Second, the concept of the common realm claims that humanity and nature are understood properly only in mutual co-explication with the concept of God. This co-explication is difficult to achieve because one outcome of the modern separation of nature from God and humanity is the presentation ofnature in various sorts ofscientific description. These descriptions are culturally dominant, yet also somewhat indigestible theologically. So the common realm carries the commitment to theological engagement with non-theological, hegemonic interpretations ofnature. As Carol Christ has noted: 'Because the disjunction of divinity, humanity, and nature is deeply embedded in the words, God, humanity, and nature... [t]he three terms in the triad "God, man and nature" must be rethought together.'2 Such a process of rethinking towards the healing of humanity
2. Carol P. Christ, 'Rethinking Theology and Nature', in Irene Diamond and Gloria Feman Orenstein (eds.), Reweaving the World: The Emergence ofEcofeminism (San Francisco: Sierra Club Books, 1990), pp. 58-69 (p. 61). Indeed, a close analogue to the common realm is to be found in ecofeminism: the stress on a web of life understood with reference to spirit or the sacred presses towards a notion akin to the common realm: see, further, Paula Gunn Allen, 'The Woman I Love is a Planet; the Planet I Love is a Tree', in Diamond and Orenstein (eds.), Reweaving the World, pp. 52-7; Starhawk, 'Feminist, Earth-based Spirituality and Ecofeminism', in Judith Plant (ed.), Healing the Wounds:The Promise ofEcofeminism (Philadelphia: New Society, 1989), pp. 174-85 (pp. 174,182). In some cultures, human societies are understood by analogy with certain ecosystems: 'the forest as a community has been viewed [in Indian civilisation] as a model for societal and civilizational evolution', Vandana Shiva, Staying Alive: Women, Ecology andDevelopment (London: Zed Books, 1989), p. 55.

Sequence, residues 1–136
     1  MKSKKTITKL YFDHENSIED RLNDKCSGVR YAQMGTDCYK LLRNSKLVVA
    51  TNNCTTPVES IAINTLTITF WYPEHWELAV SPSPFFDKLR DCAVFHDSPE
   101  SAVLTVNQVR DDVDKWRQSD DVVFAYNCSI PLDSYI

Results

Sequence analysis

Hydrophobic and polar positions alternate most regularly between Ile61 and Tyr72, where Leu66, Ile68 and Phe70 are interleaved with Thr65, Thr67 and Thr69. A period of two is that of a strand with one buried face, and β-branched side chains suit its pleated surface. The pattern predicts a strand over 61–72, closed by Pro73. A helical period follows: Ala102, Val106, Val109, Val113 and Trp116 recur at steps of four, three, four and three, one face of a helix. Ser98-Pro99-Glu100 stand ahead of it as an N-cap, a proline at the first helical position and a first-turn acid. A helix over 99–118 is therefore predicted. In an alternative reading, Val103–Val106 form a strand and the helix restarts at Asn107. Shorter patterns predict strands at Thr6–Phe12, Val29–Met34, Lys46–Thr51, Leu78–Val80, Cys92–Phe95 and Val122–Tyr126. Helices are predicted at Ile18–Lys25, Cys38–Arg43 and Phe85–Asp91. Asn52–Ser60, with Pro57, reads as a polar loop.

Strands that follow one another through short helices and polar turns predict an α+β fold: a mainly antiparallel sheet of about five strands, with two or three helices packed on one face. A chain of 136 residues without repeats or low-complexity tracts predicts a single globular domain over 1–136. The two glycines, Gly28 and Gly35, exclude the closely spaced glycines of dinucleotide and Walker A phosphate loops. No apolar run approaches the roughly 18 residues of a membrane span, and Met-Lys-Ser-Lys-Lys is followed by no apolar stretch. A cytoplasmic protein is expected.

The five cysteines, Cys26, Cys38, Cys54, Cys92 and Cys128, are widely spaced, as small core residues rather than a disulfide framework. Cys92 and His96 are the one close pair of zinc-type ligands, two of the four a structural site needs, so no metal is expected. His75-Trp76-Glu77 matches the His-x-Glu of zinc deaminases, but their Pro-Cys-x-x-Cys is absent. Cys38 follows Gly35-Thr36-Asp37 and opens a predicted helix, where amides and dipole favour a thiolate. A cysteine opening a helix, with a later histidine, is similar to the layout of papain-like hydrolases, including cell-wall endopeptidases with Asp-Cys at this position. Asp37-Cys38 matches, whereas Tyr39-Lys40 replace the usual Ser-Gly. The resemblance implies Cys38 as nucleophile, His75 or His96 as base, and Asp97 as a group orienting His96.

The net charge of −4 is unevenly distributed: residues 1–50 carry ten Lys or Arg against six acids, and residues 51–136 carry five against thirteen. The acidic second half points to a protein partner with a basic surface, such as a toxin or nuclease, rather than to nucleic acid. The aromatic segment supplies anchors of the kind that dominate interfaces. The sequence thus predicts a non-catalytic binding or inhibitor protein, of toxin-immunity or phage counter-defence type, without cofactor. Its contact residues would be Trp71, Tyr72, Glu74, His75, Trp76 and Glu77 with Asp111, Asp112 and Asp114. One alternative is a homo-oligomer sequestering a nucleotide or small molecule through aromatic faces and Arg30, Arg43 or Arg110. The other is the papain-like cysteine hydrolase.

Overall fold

and nature will thereby require attention to those disciplines which treat of nature in the modern sense.
In such manner, political-ideological interpretation in the theology of nature directs attention to the society of God, nature and humanity. The society of this common realm is the way in which God freely decides to be with God's creation. As co-participant in a common realm that encompasses the natural history of humanity, God is with and for humanity. Hence the concept of the common realm of God, nature and humanity embodies an important epistemological commitment: to the careful theological specification of the ontology of humanity. For the notion of un/natural humanity extends beyond human embodiment to theological consideration of the material world itself. The issue of the environment in which humanity finds itself is given its proper theological place. To speak of the common realm of God with humanity and nature is to insist that only through their co-explication - which, as the commitment to creatio ex nihilo reminds us, is mutual yet asymmetrical - can we arrive at theological judgments about natural, social humanity.
I have proposed the concept of the common realm of God, nature and humanity in order to acknowledge yet overcome the alienation ofhuman-ity from nature. Hence my preferred concept notes a modern movement towards the separation of nature and humanity and the displacement of the concept of God from the interpretation of nature. What follows may be understood as a theological attempt to overcome this double alienation ofGod from the world and humanity from nature.